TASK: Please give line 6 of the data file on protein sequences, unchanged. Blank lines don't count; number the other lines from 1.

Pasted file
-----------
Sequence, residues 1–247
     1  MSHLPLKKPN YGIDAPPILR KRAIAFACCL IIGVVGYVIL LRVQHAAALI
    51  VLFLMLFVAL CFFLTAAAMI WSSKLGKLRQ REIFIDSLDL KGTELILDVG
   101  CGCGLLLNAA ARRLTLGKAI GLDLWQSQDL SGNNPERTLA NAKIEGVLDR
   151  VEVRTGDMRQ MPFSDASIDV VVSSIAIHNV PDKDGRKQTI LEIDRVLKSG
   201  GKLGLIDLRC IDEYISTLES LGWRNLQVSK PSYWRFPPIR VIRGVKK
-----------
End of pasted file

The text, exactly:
   201  GKLGLIDLRC IDEYISTLES LGWRNLQVSK PSYWRFPPIR VIRGVKK